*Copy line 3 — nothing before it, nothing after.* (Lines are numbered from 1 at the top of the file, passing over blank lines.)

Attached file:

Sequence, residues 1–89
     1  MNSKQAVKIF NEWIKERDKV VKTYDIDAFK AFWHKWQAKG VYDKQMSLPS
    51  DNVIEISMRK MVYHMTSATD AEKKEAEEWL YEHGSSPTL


    51  DNVIEISMRK MVYHMTSATD AEKKEAEEWL YEHGSSPTL